Duncan Kent chooses a selection of the best sail and motor boats under 40ft most suitable for adventurous cruising along the coast
One of the delights of coastal cruising is discovering and exploring new anchorages, harbours, beaches, towns and villages.
A long passage at sea is fine if you’re voyaging from country to country, but you can’t beat sailing within eyeball distance of the coast, where the gulls and cormorants swoop and dive while seals lollop about on headland rocks or hidden beaches.
Coastal cruising under sail can be exhilarating, demanding, and even a tad frightening occasionally, but ultimately it’s thoroughly fulfilling.
While it sounds easy to the uninitiated, sailing along coastal waters is often more challenging than a simple A-to-B offshore passage where your main concern is wind and tide, not scary-looking rocks, sand bars, daunting harbour entrances and rocky anchorages.
However, with careful planning and a sound boat, the fun factor will undoubtedly overcome the fear factor and make the whole coastal cruising experience thoroughly worthwhile.
Coastal cruising: fun close to shore
Day coastal cruising in a small boat can be fantastic fun provided you have a good plan and fallback for the nights.
Some anchorages can be idyllic in the daytime but distinctly uncomfortable at 0400 when the wind turns about and your insubstantial ground tackle starts to drag.
Hobby horsing at anchor in a 20ft boat in the pitch dark is not quite as enticing as gently rocking in a 40-footer either, but that doesn’t mean you have to own a big boat to feel secure.
I firmly believe as much, if not more, fun can be had sailing close inshore and finding a safe spot for the night in the smallest of boats, provided they’re seaworthy and adequately equipped.
Of course, if you have a family on board you’ll want a few more berths, a private cabin or two and enough luxuries to keep everyone happy, so a bigger boat is most likely the answer.
But don’t be tempted to go larger than you feel safe handling, both in a strong breeze and choppy sea or entering a busy marina with little room to enter a berth.
Another piece of advice I’d like to proffer is, regardless of boat size, don’t overdo the tech at the expense of simple sailing.
Chartplotters, MFDs, AIS, radar, wifi, night-vision cameras and so on might be great fun in harbour, and very handy when needed at sea, but it’s good to learn the basics of navigation, VHF radio use and safety prep, and just use the kit that genuinely helps you have a safe, satisfying sail, as opposed to spending your whole time staring at a screen rather than enjoying the stunning scenery!
20-25ft LOA: Sailing yachts
Over 200 Macwester Rowans were built to Lloyd’s specification with encapsulated wooden hull stringers for maximum strength.
Her cockpit seats four and is well protected by high coamings, while the seats are close enough together to brace against.
Displacement of 2¼ tons plus ample beam means she’s stiff under sail.
Everything is within reach of the helm, the tiller being long enough to hold while adjusting the bridge deck mainsheet, and two large scuppers ensure any spray quickly drains.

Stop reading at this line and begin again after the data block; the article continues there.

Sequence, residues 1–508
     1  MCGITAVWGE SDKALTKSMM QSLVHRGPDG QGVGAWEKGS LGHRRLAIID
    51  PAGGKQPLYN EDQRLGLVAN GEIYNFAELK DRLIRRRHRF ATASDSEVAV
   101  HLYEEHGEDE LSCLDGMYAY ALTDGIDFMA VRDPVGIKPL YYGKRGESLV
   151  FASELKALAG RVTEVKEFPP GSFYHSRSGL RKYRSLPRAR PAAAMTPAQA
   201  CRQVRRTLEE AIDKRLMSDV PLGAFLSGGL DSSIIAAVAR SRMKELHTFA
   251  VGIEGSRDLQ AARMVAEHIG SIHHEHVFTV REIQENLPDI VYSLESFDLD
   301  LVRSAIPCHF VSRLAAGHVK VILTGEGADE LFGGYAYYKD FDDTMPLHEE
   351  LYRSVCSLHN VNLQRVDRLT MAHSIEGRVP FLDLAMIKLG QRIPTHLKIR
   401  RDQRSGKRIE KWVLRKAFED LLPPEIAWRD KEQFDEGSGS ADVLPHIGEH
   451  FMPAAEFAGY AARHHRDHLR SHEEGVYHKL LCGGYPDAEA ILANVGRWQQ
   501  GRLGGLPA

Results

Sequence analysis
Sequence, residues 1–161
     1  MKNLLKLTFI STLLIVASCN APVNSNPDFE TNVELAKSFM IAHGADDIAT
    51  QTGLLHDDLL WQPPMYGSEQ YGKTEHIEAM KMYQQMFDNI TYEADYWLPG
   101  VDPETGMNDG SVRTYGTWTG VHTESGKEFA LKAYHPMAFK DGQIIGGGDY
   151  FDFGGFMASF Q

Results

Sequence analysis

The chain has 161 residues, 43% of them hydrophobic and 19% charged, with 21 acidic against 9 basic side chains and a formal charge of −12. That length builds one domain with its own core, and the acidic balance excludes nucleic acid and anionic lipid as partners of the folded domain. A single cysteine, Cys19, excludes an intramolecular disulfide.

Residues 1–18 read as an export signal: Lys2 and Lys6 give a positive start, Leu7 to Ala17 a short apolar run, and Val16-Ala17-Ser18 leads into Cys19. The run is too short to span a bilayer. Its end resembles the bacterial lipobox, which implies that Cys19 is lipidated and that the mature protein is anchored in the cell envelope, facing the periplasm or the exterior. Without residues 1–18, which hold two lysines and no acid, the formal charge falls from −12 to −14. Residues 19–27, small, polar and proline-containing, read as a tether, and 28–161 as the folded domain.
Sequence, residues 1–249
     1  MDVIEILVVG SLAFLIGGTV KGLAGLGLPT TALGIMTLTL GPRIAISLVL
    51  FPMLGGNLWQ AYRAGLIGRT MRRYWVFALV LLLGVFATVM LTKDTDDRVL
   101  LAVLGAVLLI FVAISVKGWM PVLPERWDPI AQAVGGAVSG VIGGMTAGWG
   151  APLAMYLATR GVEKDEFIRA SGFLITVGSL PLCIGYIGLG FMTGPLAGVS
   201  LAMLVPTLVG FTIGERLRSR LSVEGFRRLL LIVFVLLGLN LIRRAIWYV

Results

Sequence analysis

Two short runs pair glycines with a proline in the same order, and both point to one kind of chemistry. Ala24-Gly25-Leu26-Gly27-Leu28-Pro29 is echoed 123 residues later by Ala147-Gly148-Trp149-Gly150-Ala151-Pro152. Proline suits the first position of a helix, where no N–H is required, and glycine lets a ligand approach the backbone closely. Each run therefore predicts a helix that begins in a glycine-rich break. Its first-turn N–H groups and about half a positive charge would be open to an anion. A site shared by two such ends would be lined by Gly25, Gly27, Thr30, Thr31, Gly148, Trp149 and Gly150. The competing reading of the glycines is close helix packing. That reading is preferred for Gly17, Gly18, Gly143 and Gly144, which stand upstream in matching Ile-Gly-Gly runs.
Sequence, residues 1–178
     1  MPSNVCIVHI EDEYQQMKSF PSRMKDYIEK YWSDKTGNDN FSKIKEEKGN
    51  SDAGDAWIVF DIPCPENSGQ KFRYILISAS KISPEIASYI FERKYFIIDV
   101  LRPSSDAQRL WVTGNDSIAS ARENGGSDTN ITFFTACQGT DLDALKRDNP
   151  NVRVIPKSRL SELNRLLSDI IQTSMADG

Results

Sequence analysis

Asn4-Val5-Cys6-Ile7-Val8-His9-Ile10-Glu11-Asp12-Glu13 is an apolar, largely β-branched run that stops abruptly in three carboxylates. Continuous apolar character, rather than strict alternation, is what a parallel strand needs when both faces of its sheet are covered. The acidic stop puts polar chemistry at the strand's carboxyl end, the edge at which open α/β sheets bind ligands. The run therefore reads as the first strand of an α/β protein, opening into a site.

Below, she had either a traditional layout or a dinette.
The latter also offers a view outside while seated and also forms a double berth by lowering the table between the seats.
There’s a cruise-friendly galley with a two-ring cooker, a basin with hand-pumped fresh water and a top-loading cool box.
Most were originally powered by 5hp Stuart Turner 2-stroke petrol inboards, which hopefully will have been replaced with a modern diesel by now.
Under sail, her steering is light, with just a touch of weather helm in strong gusts.
Her long, cast-iron keel is quite shallow, making her a little tender initially, but her ample beam soon stiffens her up once heeled.
Launched in 1972, Ian Anderson’s Hurley 24/70 had all the seakeeping abilities of the renowned Hurley 22, but with a better level of interior comfort.
With higher topsides, deeper bilge and wider beam, she offers 1.8m/5ft 11in headroom, plus a more practical family-friendly layout, including four berths, enclosed heads and a decent galley.
Unlike the 22’s long keel, the 24/70 has an encapsulated, bulbed fin and skeg, which considerably improves close-quarter handling and tacking agility.
She is also reasonably stiff under full sail, due mainly to the near 50% ballast ratio.
Even the bilge keel version had lead ballast and the same draught as the fin.
Her long cockpit and high coamings are a great improvement over the smaller models, keeping her crew safe and dry at sea.
A conservative, high-aspect mainsail leaves the bulk of the sail power to the big genoa.
The engine was originally a 5hp Petter, but most will have been changed by now.
After the demise of Hurley in 1974, the moulds were acquired by Atlanta Marine, which continued to produce this model as the Atlanta 25 for another few years.
20-25ft LOA: Motorboats
Few 25ft motor cruisers provide decent enough facilities for long periods on board.
The Bayliner 245 Cruiser has this and more. It even has sufficient space for two more couples to join you for the day.
High topsides create a spacious interior with good headroom, making her feel like a much larger boat inside, although at the expense of slightly chunky exterior styling.
Long hull portlights provide good views outside and a large forehatch provides fresh air.